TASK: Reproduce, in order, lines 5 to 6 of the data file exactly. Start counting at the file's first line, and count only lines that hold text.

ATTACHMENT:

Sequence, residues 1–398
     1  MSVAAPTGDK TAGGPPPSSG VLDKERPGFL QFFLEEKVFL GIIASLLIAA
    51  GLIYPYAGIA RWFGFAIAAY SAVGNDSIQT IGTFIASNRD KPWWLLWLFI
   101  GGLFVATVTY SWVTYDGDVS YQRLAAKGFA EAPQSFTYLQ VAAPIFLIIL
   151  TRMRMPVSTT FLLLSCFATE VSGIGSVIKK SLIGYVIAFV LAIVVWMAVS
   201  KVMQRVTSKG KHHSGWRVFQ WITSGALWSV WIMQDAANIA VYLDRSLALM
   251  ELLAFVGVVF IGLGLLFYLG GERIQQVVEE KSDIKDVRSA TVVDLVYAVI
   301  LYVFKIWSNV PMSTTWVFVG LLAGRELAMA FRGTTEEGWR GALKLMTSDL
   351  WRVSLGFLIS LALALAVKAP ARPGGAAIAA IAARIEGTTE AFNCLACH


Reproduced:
   151  TRMRMPVSTT FLLLSCFATE VSGIGSVIKK SLIGYVIAFV LAIVVWMAVS
   201  KVMQRVTSKG KHHSGWRVFQ WITSGALWSV WIMQDAANIA VYLDRSLALM